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Winter 2011

The Business of Medicine

For a growing number of physicians, an MBA is the ticket to providing better health care.

By: Kristi Burch
Date: February 18, 2011

illustration docs at table
Illustration by Sherrill Cooper

Sepsis, an overwhelming infection of the bloodstream, can kill a person if it’s not treated with antibiotics quickly enough. The national benchmark is within three hours of diagnosis. Before 2009, the emergency department at Franklin Square Hospital Center in Baltimore was meeting this benchmark for just 65 percent of sepsis patients.

Today, that figure is up to 93 percent, thanks to three physicians who work in Franklin Square’s ED. “We now have one of the lowest mortality rates for sepsis in the area,” says José Lopez. How did he and his colleagues achieve this? With their business degrees, of course.

Lopez, along with fellow ED physicians Eveline Hitti and Jonathan Hansen, were students in Hopkins’ MBA in Medical Services Management program when they tackled the issue in their clinical practice improvement course. With fellow classmate and Hopkins pharmacy director John Lewin, they gathered data from patient records, created charts, and identified which parts of their ER procedures were most time-consuming. Ultimately, by installing a refrigerated cabinet containing antibiotics to be dispensed by an ED nurse, they eliminated the time it takes to fax, fill, and retrieve a prescription from the hospital pharmacy. More than 90 percent of their sepsis patients now get their drugs on time. The results will appear in the Journal of Emergency Medicine.

This is exactly the sort of clinical problem that some business training can help solve, says Paul Gurny, who teaches the clinical practice improvement course. Other student teams have come up with solutions to correct outpatient surgery schedules that were chronically running behind, and inefficient (sometimes inaccurate) dispensing of blood clotting medication for patients before open-heart surgery. “Our goal is to really do something that improves health care,” Gurny says.

Administered jointly by the School of Medicine and the Johns Hopkins Carey Business School, the MBA program is a part-time program consisting of 54 credits that attracts physicians, as well as nurses, therapists, and other health care providers. Some are career changers, like Joel Braunstein, who was a physician completing a cardiovascular fellowship at Hopkins when he enrolled in the MBA program; he went on to found a life sciences company. And some graduates get promoted to administration. But the majority remain practicing medicine.

“I figured most people would be tired of dealing with Medicare paperwork and looking for a new career,” says Doug Hough, who launched Hopkins’ Business of Medicine certificate program in 1994 and oversaw the MBA program until two years ago. “But about 60 percent of our graduates stayed in the position they were in when they were getting the MBA. They told us that the program was helping them do their jobs better.”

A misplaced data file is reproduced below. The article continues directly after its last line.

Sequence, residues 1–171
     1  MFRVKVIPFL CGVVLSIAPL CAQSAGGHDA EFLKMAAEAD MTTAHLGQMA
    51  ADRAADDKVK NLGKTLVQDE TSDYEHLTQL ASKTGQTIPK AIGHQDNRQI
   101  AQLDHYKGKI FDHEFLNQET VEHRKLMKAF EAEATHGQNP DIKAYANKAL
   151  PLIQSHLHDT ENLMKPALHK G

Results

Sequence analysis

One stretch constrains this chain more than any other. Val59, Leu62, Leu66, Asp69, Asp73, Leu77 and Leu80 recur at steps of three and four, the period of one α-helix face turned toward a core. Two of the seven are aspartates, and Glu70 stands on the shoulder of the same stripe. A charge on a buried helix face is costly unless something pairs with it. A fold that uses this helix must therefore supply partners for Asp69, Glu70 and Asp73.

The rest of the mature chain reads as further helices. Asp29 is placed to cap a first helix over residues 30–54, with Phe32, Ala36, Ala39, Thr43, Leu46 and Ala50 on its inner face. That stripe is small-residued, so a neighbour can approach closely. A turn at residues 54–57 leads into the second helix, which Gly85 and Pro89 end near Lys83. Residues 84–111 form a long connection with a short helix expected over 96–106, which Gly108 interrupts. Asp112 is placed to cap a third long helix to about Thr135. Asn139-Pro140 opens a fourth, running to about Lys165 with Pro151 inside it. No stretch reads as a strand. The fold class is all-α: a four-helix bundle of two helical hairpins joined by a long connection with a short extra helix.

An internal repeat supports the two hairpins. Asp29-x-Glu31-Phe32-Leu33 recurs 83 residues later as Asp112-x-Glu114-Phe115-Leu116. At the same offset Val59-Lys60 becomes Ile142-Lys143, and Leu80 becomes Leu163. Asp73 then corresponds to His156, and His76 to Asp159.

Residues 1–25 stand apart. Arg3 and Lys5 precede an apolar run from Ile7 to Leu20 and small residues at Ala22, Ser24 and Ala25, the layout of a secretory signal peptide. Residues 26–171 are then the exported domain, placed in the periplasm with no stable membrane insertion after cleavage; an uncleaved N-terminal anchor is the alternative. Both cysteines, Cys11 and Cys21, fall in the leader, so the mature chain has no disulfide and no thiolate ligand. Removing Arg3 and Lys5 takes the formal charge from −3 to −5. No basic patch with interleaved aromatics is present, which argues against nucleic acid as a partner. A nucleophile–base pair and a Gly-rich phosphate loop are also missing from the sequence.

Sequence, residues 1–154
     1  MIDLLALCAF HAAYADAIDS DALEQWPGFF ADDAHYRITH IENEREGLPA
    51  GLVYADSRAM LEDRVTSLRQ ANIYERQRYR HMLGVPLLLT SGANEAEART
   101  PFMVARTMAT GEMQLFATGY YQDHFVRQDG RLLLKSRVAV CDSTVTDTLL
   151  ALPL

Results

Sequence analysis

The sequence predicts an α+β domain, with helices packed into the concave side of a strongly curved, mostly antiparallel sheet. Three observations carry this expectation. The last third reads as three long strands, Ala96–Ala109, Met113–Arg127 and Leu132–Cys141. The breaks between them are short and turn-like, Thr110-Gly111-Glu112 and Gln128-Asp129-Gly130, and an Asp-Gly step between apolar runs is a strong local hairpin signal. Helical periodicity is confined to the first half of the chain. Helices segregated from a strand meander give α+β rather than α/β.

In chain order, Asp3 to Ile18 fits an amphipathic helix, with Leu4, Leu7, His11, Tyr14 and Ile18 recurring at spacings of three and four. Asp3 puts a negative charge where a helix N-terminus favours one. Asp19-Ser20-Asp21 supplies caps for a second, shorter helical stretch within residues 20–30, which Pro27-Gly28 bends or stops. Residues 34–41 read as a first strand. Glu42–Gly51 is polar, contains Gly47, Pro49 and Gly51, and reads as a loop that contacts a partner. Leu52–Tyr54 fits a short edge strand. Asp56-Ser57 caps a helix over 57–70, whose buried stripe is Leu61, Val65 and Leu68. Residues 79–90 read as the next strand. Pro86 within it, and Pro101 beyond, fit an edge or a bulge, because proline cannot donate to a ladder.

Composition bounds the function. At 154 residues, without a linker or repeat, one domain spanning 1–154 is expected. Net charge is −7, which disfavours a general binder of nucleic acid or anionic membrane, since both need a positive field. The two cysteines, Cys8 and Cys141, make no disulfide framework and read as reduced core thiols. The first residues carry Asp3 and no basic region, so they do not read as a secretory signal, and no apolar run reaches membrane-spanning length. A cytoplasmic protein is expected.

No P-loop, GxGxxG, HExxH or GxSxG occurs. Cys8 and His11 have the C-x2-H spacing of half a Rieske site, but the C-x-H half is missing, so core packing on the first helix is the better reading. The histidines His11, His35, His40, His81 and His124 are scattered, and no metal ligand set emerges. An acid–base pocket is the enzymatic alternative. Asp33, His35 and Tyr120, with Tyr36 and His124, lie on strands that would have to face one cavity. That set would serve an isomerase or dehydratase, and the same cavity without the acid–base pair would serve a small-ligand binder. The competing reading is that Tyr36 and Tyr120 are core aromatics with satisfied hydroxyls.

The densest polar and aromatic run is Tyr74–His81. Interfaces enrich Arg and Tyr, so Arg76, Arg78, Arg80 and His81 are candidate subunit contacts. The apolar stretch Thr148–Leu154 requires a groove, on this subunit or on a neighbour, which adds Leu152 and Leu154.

Hopkins Medicine’s Bruce Perler had been a vascular surgeon for 18 years when he started the program. He figured that courses in accounting and finance would help in his leadership role as chief of the Division of Vascular Surgery—and he’s found that his training has indeed helped him deal with administration, which figures hugely in academic medicine: “Part of it is just learning the language, so that we can advocate for clinical care with the bean counters. We need to understand what those spreadsheets mean, and what they mean for what we do.” 

Perler also credits the program with helping him (and a friend) become the editors of the Journal of Vascular Surgery. He’s convinced that his MBA courses upped the quality of their proposal to become editors. “It was like writing a business plan,” he says. “Whether we like it or not, health care is a business.”

And the reverse is also true: Business can also be health care. That’s why, when the Carey Business School launched its full-time Global MBA program this fall, planners included an experiential two-semester course called Discovery to Market, which begins this spring. Participants will work directly with researchers on real science or medical projects. Kieran Marr, a professor of medicine and oncology, is the liaison at the School of Medicine for the Global MBA program. “We tend to be focused on the clinical utility and scientific novelty [of a discovery],” she says. “In the meantime, what we have not done well is the business of getting it commercialized.”

Marr is currently identifying patents that have not yet gone through licensing. Global MBA students will work to identify the market potential for new technologies such as medical devices, biomarkers, and drugs, and help determine which businesses might be interested in the discovery.

“Health care reform makes all these things even more important,” says Hough. “Our graduates can be bridge builders who can talk to the ‘suits’ and administration. And they can translate the business side back to clinicians. It goes to both cultures.”